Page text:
Hungary’s rolling average three-month jobless rate stood at 3.9 percent in January-March, the Central Statistical Office (KSH) said on Friday. The rate rose from 3.8 percent but fell from 4.5 percent a year earlier.
The three-month rolling rate rose for the first time since last February-April. The rate covers unemployment among Hungarians between the ages of 15 and 74. In absolute terms, the number of unemployed averaged 177,900 in January-March, up just 200 from December-February and down 28,800 in one year. The unemployment rate in the 15-24 age group stood at 10.4 percent. The unemployed between these ages accounted for nearly one-fifth of all jobless. The average time spent looking for work was 16.4 months during the period. The number of employed Hungarians stood at 4,435,200 during the period, up 67,300 from a year earlier. The number included 158,500 in public work schemes — 42,200 fewer than a year earlier — and 96,500 working abroad, down 15,200 in twelve months.
KSH defines “employed” in line with International Labour Organisation standards as anybody who worked one or more hour a week or was temporarily absent from their job during the survey week. The data also include those employed in public work schemes and those working abroad for less than one year.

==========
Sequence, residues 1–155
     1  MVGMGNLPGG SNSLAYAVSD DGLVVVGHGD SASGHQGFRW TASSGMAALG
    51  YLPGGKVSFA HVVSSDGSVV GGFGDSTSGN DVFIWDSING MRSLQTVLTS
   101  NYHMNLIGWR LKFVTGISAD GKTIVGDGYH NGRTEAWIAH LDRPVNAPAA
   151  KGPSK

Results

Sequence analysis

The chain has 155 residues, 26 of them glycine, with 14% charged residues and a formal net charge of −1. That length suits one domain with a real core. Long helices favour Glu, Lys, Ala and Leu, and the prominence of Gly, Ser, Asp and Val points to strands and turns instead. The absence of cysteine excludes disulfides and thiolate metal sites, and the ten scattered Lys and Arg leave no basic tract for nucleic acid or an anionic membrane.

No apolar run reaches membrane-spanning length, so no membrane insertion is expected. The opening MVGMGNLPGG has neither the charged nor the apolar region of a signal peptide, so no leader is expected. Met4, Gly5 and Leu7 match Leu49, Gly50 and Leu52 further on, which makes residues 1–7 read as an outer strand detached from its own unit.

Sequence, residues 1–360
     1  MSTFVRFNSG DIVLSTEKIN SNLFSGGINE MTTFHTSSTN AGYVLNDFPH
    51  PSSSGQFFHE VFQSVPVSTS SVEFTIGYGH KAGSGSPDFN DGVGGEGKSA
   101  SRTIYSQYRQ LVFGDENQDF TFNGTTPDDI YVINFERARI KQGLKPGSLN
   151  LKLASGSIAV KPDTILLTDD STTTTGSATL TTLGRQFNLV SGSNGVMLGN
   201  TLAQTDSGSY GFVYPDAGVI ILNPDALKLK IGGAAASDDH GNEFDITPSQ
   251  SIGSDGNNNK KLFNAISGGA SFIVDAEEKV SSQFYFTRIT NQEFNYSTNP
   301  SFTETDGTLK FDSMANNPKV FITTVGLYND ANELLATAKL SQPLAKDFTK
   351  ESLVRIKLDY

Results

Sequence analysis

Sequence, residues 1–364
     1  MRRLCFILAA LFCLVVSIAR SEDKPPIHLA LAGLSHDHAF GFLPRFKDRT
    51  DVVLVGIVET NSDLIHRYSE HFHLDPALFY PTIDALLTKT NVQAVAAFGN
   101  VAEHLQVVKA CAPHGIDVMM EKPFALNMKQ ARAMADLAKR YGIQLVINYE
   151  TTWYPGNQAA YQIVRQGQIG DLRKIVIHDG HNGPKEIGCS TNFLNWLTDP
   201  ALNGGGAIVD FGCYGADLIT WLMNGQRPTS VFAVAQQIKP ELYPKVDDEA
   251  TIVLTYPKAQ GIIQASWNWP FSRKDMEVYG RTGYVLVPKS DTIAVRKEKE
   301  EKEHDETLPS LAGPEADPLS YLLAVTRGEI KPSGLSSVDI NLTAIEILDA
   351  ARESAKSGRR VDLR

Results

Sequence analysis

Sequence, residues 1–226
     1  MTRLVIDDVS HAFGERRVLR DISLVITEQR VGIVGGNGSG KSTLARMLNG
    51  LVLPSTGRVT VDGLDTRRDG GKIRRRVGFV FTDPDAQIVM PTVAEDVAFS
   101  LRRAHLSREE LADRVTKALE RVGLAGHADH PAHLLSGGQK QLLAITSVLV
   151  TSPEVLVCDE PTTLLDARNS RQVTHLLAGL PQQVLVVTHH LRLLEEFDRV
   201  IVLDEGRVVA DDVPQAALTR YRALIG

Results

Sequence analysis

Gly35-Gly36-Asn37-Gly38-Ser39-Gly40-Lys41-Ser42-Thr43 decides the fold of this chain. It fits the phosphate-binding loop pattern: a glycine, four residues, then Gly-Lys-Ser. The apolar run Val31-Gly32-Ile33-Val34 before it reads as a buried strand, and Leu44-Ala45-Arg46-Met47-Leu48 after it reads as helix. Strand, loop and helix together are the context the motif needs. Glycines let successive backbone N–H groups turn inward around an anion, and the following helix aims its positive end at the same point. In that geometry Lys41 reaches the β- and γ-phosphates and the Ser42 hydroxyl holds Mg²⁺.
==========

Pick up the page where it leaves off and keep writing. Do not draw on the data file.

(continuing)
Hungary has caught up with Germany’s unemployment rate, Attila Simon, deputy state secretary for labour at the economy ministry, told public broadcaster M1. Simon said an internal rearrangement was taking place in the labour market and figures from the base period were increasing. He noted that 125,000 more people were employed in the private sector and part of this story involved 42,000 people exiting workfare schemes and 15,000 coming home from abroad. These numbers show better than anything else how lively the Hungarian labour market is, he said, adding that the heavily criticised government workfare scheme was starting to bear fruit.
The economy ministry noted that employment growth had been “outstanding” at the start of the year and 756,000 more people now have jobs compared with 2010. This is mainly thanks to the government’s employment policy which has supported 600,000 jobs in the domestic private sector. The jobless rate is still at a decade low and stands below four percent, the ministry added.
image via Bonyhádi Zoltán